I can't tell you how enormously stressful it is to be at the bottom of this huge learning curve. Thanks to the recession and the loss of several coworkers, I now think of books in terms of jobs. "If this one is a stinker, how many people's salaries have I just wasted?" And every time something a book slips its deadline, I wonder about the costs of slippage--book buyers from the major outlets have fixed budgets and buy for a certain window, and if a book slips they cancel their order and it can be months before they can reorder from another month's budget. Did I just lose someone their job because I didn't get the illustrations to the graphic designer in time?

Getting editing to the point where it can be franchised means that I'll stop making my authors miserable, I'll stop making ME miserable, and I'll hopefully be able to get more and better books out. A nice dream, now all I need is a lifetime to make it happen :-)


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  • While McDonalds may be run like a well-oiled machine, it's an example of a well-run organization, but not a great training ground on how to manage.

    Think about the Army. We tend to glorify what we the military in times of war: take this hill and defend it from the enemy, or infiltrate enemy lines and destroy that outpost. brian points out that in general, the Army isn't like that at all. It's about being given a job, doing exactly that job and nothing else: drive this convoy four miles down the road. Kn

  • MacDonald's is a horrid metaphor. Notably:

    MacDonald's involves no novelty whatsoever. Little training is needed and there /is/ no learning curve, because the steps are completely simple, and can be followed every single time to produce identical results; and the process involves no artifacts of thought or design. In short, nothing there is hard -- nor anything that a fairly evolved illiterate (and in fact alingual) chimp couldn't be trained to do. Moreover, the labour is repetitive, and there's a huge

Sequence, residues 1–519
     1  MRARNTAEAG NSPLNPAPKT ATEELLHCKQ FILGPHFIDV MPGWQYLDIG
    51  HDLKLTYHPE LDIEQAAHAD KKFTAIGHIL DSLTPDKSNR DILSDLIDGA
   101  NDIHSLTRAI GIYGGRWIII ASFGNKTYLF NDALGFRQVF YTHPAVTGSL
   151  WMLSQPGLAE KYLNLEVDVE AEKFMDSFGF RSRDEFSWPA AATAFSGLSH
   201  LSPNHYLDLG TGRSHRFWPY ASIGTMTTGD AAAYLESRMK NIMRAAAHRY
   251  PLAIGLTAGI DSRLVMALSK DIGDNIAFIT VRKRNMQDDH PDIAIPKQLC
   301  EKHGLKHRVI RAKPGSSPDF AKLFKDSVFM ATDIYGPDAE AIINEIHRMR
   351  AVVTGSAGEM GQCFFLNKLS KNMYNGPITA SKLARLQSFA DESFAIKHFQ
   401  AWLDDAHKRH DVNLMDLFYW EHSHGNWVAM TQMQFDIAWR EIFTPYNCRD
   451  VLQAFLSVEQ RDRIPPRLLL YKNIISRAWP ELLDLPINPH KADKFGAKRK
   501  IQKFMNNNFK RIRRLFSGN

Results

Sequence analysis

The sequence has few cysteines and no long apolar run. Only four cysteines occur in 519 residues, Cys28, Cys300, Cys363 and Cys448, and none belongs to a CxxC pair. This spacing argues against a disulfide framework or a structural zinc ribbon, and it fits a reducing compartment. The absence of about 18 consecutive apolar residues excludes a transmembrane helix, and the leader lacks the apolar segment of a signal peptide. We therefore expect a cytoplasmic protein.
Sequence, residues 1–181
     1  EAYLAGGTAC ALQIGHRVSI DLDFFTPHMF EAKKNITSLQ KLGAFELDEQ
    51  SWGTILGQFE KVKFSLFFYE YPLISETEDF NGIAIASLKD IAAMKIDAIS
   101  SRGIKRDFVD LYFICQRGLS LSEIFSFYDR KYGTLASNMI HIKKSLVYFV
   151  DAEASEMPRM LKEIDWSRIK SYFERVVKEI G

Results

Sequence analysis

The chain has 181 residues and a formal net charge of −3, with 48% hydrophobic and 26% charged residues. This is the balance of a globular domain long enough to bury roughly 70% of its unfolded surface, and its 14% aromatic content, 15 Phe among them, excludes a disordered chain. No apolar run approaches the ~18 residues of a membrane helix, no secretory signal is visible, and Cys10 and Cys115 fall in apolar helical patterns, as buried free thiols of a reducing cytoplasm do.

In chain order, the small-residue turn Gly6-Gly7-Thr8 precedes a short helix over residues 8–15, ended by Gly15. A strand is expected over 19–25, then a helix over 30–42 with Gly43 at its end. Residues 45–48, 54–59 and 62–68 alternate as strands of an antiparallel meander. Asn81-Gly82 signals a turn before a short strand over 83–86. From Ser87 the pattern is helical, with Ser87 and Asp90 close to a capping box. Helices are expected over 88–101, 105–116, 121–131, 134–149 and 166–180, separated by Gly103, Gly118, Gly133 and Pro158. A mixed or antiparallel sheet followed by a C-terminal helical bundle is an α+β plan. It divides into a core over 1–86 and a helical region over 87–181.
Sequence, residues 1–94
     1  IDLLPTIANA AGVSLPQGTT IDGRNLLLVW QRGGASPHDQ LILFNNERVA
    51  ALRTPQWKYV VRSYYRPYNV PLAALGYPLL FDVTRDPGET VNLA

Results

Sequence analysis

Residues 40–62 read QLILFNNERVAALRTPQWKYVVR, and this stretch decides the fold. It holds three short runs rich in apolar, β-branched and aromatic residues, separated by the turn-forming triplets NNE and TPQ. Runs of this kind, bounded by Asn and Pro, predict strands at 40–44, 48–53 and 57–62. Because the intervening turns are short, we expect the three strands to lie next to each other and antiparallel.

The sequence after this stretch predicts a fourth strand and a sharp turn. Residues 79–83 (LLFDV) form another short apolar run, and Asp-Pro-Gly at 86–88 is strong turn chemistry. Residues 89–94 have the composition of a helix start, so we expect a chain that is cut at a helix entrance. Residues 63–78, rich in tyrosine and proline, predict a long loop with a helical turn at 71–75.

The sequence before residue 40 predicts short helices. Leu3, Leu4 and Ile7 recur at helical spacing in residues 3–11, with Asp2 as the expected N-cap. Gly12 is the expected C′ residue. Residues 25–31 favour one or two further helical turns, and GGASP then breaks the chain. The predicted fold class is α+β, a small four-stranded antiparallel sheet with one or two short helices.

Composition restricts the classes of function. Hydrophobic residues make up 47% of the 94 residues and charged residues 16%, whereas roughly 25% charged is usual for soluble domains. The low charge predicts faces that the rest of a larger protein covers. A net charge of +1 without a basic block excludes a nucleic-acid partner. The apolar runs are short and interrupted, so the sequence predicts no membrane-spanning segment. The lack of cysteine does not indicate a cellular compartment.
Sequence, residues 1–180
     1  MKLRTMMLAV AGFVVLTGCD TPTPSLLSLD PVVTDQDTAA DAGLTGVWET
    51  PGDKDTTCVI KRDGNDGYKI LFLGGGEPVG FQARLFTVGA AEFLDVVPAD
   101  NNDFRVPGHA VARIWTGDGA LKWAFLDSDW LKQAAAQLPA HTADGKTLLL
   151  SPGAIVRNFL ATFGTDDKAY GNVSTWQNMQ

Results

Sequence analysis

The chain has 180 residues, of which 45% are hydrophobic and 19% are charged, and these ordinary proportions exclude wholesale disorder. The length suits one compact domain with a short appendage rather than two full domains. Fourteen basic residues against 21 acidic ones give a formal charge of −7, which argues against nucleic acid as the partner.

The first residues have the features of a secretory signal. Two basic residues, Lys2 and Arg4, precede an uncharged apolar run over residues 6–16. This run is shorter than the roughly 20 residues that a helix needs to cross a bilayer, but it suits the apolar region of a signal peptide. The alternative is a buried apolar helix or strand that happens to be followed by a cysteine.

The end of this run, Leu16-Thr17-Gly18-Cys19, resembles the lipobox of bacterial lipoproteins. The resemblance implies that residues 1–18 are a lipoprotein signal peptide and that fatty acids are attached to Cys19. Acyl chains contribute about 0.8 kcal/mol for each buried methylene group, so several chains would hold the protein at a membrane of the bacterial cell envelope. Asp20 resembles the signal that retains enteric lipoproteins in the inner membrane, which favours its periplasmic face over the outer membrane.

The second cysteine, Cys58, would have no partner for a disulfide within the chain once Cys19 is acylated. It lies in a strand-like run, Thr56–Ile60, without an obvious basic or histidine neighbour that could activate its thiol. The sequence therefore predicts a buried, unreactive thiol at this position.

• I wasn't implying that there was no creative side to editing. But when it comes to identifying structural flaws in a manuscript, or confusing explanatory language, you're right--that's stuff that isn't automatable.

      But a book should take the same rough path each time, from first gleam in the eye through to finished product on the shelf. Authors need to be told things at certain times. Marketing needs to be notified at certain times. The production needs to be scheduled at a certain time. Reviewers nee

      • Out of interest (mostly my gf's interest), how does one become an editor? It's not something I tend to see ads for in the paper.
          ---ict / Spoon
        • Most of the O'Reilly editors followed one of two routes: write a lot for O'Reilly, or be an editor at another publishing company first. That doesn't really help, I know :-)

          Right now I think it's quite difficult to become an editor at a publishing company. The book industry, and the technical book industry in particular, took a major gutpunch when the Internet stock game blew over. Consequently there are many former employees of publishing houses kicking around looking for jobs.

          O'Reilly's also a littl